• Harvest tomatoes every other day after picking the first fruit. Keep an eye out for ripe tomatoes hidden amongst the leaves of the vine and pick them before they split. Flower clusters that appear simultaneously on the stem will produce fruit and ripen almost at the same time.

Techniques for Picking Without Damaging the Plant

You have to be careful when picking tomatoes to prevent damaging the fruit or the vine. The latter needs to be healthy to continue producing more fruit.

Here are some tips on how to pick cherry tomatoes:

  • Grasp the fruit with one hand and support the vine with your other hand. Gently twist the tomato. If the tomato is ready to be picked, it’ll detach easily from the stem with the gentlest tug.
  • Don’t tug or pull the fruit if there’s resistance. If it doesn’t detach from the stem easily, that means that the tomato isn’t ready for picking. You can use hand pruners; ensure they’re sharp and clean.
  • Be careful when using pruners or scissors to cut the fruit. Don’t snip too close to the stem. You might damage it accidentally or leave an open wound that can get infected.

How to Ripen Cherry Tomatoes off the Vine

Sometimes, you may have to pluck underripe or unripe fruits off the vine to salvage your crop from a pest attack or before the plants are killed by frost. Knowing how to ripen cherry tomatoes off the vine prevents the fruits from being wasted.

There are two ways to do so:

Let Them Ripen on Their Own

Place the tomatoes in a thick cardboard box or a paper bag and store the container in a cool, dry area where the temperature is 50-65 °F (10-18 °C) and the humidity is 30% or less. Basements, covered porches, and garages work best, but you may have to use a dehumidifier if the area is damp.

You can ripen tomatoes near a sunny windowsill, but remember that the harsh sun rays can harden the skin of the fruit.

Ripen Them Alongside Another Ripening Fruit

Place a ripening banana or apple in the box containing the tomatoes. The ethylene released by the other fruit will speed up the ripening process of the tomatoes.

Whatever method you choose to ripen tomatoes, keep the following pointers in mind:

  • Cherry tomatoes that are just starting to change color are best for ripening indoors. They develop more robust flavors than green or unripe tomatoes.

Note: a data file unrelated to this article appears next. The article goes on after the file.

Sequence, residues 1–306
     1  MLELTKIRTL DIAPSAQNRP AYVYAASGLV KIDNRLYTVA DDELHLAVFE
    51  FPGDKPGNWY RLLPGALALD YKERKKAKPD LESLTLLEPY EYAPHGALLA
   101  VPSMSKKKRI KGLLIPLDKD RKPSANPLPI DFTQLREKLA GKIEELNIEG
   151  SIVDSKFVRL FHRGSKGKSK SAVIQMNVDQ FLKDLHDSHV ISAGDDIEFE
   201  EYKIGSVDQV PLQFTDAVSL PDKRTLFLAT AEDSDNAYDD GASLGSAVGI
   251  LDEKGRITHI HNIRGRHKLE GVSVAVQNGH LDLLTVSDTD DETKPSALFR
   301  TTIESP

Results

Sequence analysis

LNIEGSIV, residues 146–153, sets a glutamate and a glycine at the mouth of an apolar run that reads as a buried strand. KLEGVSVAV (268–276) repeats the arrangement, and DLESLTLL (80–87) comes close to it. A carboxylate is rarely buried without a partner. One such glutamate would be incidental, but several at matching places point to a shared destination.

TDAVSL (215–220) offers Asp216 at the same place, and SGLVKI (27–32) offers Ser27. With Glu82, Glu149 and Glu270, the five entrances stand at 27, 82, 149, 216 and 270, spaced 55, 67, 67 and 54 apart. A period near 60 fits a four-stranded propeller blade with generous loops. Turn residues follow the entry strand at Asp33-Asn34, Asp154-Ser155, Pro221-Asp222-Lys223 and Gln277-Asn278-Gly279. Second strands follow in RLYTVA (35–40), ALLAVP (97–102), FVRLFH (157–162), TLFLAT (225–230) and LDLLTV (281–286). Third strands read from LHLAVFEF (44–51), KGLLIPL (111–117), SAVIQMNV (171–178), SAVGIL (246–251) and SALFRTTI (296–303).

• Use green unripe tomatoes in chutneys or pickle or grill them. These tomatoes don’t ripen well and may not develop their characteristic flavors.
  • Wash and dry the tomatoes thoroughly before ripening them. This will remove dirt and debris that can harbor pathogens.
  • Don’t let the tomatoes touch each other. You can put them on egg trays.
  • Check on the tomatoes every day to look for rot. Remove damaged tomatoes immediately so that the disease doesn’t spread.

Storage and Preservation Tips

Harvesting new fruits almost every other day can leave you with more fruits than you need. 

Cherry tomatoes are prone to rotting and getting moldy if not stored properly. It’s important to store and preserve tomatoes properly to retain their flavor and texture. That way, you can make the most of your harvest and enjoy the fruits of your labor well into the depths of winter.

Here are some tips on how to store cherry tomatoes, whether they have ripened on the vine or indoors:

  • Don’t store diseased, damaged, or moldy tomatoes.
  • Always handle tomatoes with clean hands and sterilized kitchen tools.
  • Don’t refrigerate fresh ripe cherry tomatoes right after you’ve plucked them from the vine. They will retain their flavors for 2-3 days if you keep them at room temperature.
  • Store tomatoes away from the direct sunlight to prevent their skins from becoming tough.
  • Store tomatoes with the stem scar facing up. This prevents the fruit from softening and turning dark.
  • If you must refrigerate tomatoes, do so for less than 3 days to minimize flavor loss.